Do you know how long your dishwasher runs? 🤔
This was a question that I found the answer to not long ago in 2013. I remember grabbing my laptop and showing it in excitement to my wife. She had a puzzled look as to why such a fact would be so exciting.
The exciting part was that the Ubi could successful log sound level in our kitchen throughout the day and the result was that, down to the minute. I could read how loud the dishwasher ran and for how long. I could even see that it had three cycles that had a few minutes of quiet pauses between them. By thinking about my exposure to the appliance noise and reading the log over time, I was able to deduce the dishwasher’s cycle. What could I do with that information was another thing.
Since then, the average number of devices and sensors in our homes has increased exponentially. Many of our Internet-connected devices have onboard sensors that when combined can provide a lot of insight into ourselves and how we live our lives. It was this motivation that led us to adding microphone, light, humidity, air pressure, and temperature sensors to the Ubi — the hope that machine learning would catch up to provide insights.
The opportunities ahead of us in IoT come from presenting us with insights on ourselves and also taking actions to help us achieve our goals, as we define them. Artificial Intelligence applied to IoT could enable us to have better moods, conserve electricity, or meet our physical goals.
Achieving this type of future is happening as a result of three waves:
- The reduced cost and proliferation of tiny Internet connected sensors
- The reduced cost of data collection and storage
- The commoditization and ease of use of AI and machine learning platforms and APIs
In 2011, I was mesmerized by a Kickstarter project called Twine. It had a temperature and humidity sensor on board, as well as an accelerometer, and could report data through WiFi. The inspiration for purchasing it came after arriving home to a puddle in my kitchen caused by a broken fridge. If only I could have been warned that the freezer was dropping in temperature! That’s what Twine could do by creating simple rules to send emails or SMS messages whenever certain thresholds were passed.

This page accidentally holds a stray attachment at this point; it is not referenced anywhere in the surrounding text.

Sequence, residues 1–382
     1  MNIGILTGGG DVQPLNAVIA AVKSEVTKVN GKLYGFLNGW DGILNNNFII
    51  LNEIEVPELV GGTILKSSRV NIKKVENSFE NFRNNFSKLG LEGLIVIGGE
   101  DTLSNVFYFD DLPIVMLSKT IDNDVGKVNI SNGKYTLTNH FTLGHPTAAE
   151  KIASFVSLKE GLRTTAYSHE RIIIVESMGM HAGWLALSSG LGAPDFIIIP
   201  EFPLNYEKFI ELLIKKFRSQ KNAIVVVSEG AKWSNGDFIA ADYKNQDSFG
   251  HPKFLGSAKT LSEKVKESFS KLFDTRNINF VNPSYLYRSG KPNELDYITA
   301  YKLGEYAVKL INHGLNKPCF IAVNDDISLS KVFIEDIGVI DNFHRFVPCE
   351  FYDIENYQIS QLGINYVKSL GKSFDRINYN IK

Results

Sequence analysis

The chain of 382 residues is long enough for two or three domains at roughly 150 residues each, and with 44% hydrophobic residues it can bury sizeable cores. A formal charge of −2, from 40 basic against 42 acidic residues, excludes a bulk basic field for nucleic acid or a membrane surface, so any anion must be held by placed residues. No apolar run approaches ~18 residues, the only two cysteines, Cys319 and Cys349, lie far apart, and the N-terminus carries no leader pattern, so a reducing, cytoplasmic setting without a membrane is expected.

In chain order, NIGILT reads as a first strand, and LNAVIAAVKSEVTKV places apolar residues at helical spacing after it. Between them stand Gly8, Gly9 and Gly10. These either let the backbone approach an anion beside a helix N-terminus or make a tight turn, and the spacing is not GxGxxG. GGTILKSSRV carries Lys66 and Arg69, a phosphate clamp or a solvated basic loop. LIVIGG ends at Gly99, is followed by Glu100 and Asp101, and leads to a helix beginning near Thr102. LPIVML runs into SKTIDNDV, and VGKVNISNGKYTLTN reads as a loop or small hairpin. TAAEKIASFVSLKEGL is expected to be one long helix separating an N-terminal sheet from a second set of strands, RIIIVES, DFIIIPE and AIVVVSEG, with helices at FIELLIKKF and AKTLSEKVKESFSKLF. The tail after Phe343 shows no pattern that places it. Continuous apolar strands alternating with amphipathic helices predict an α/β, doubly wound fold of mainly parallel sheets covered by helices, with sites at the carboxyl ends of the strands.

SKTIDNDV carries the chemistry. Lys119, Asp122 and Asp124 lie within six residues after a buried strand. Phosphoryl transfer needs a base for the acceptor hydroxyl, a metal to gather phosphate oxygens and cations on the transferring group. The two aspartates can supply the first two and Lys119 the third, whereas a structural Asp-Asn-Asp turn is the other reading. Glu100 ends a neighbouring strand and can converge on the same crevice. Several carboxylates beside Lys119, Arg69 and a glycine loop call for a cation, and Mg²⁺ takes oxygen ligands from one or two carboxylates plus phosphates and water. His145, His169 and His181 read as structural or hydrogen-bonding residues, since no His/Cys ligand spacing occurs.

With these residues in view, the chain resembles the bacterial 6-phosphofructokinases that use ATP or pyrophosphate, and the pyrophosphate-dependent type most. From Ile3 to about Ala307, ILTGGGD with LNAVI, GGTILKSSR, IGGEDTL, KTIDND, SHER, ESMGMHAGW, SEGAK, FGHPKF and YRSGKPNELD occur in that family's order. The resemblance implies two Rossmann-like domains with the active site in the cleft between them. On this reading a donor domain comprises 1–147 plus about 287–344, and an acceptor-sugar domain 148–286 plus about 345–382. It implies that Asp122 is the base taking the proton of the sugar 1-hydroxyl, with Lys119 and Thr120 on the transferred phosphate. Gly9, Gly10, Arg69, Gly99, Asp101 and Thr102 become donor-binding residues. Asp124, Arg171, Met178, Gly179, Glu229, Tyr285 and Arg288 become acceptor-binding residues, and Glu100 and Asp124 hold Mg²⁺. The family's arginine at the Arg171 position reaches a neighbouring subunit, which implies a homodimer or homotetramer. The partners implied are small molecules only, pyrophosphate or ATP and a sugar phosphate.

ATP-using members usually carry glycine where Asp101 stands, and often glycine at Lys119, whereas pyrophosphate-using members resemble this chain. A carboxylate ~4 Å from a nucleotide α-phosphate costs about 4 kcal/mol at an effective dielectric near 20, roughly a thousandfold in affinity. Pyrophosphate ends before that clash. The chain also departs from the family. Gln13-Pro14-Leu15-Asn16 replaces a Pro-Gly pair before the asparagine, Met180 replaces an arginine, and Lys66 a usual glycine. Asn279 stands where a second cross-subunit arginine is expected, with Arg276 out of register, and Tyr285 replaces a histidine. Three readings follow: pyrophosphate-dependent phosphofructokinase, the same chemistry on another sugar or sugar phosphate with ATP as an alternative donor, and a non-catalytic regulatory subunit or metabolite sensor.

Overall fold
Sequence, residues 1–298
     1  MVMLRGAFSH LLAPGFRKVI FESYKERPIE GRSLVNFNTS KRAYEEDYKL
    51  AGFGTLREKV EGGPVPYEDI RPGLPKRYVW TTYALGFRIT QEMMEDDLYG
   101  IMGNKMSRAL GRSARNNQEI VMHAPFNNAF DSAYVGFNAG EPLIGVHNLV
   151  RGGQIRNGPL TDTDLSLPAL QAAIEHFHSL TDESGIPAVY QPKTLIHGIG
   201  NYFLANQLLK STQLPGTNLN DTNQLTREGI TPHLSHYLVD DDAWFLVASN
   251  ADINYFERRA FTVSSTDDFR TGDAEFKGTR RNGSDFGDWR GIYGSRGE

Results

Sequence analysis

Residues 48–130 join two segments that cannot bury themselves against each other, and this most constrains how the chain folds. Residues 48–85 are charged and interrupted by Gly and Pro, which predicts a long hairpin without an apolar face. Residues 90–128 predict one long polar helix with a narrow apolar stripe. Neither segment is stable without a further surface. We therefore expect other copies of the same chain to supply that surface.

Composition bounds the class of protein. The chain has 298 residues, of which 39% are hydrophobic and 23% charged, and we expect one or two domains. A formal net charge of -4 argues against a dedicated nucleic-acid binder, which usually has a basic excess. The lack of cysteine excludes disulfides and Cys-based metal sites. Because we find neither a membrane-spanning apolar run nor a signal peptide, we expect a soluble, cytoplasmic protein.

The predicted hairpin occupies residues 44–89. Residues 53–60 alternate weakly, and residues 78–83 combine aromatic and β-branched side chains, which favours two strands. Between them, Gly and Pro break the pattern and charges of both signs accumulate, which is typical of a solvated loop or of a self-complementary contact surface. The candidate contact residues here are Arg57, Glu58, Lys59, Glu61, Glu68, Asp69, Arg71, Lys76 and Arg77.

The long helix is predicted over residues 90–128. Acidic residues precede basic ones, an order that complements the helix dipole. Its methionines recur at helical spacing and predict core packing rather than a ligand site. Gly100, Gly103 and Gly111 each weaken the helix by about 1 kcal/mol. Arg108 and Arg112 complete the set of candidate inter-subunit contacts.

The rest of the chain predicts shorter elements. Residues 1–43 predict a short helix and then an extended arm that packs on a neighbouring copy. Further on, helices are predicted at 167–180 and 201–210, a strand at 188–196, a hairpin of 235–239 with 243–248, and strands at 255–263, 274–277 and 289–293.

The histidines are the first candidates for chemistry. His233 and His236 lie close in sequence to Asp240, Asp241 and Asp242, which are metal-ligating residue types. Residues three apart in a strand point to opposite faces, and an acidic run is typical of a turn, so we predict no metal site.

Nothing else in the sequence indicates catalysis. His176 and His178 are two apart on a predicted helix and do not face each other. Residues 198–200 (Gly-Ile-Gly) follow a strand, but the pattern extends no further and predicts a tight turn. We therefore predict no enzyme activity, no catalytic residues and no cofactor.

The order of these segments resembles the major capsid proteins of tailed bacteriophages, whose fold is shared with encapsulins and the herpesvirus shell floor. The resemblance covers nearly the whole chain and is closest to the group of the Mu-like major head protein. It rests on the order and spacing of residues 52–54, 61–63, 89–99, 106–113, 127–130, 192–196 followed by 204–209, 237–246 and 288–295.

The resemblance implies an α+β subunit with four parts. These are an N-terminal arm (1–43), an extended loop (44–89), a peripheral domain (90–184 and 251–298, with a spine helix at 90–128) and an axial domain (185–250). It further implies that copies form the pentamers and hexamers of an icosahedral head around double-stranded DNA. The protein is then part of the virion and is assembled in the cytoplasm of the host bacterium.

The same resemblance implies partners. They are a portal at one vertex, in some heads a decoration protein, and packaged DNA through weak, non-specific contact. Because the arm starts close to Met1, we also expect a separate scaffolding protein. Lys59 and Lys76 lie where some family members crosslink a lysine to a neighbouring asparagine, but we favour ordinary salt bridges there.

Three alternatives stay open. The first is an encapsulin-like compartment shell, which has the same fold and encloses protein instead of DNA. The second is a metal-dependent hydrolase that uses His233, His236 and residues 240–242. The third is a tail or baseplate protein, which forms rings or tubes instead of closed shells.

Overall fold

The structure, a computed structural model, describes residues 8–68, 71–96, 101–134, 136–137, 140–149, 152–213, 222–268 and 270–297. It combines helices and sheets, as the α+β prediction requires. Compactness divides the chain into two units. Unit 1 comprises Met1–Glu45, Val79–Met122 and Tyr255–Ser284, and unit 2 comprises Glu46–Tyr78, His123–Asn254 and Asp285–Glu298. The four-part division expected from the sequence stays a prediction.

While Twine was relatively expensive, similar sensors have now gone down significantly in value. GPS, accelerometer, IR sensors, microphones, magnetic field detectors, force transducers, and barometers are available with multiple sensors on one chip and have been shipped on billions of smartphones. Likewise, WiFi/BT SoCs have come down in cost over the past five years, along with the ease of implementing apps on them.
When it came to collecting sensor data for the Ubi, we had to build the infrastructure that could handle HTTP long poll, streaming of sensor data information, accumulation of that data, processing it against rules, storing it, and then recalling it for analysis.
Along the way, there could be issues with calling too many data points when zooming out of a graph. We crashed our production server several times in the early days because of this issue.
We also needed to learn that sampling data points five times every 10 seconds could lead to a huge torrent of data hitting our servers when it came to thousands of deployed devices. Today, AWS, Google App Engine, and others have IoT platforms that make it incredibly easy to setup data collection and rules for pennies in comparison to five years ago.
Where the new frontier lies is in using this data to predict what we’ll do next or trying to influence our next steps. To do the latter, we’ll need to wade up the hierarchy of information. One such hierarchy was presented by Haeckel:
- Raw Data
In the example of the dishwasher, raw data was the dB level and time. Information was knowing where the data was being collected. Intelligence was knowing that there was a dishwasher that was turned on and located in the same room and seeing the cycles. Knowledge was being able to determine the total length of the cycle and the quiet moments. Wisdom then is knowing that the dishwasher will now run for this amount of time and generate this amount of noise — so maybe I shouldn’t have it turn on in the middle of the night.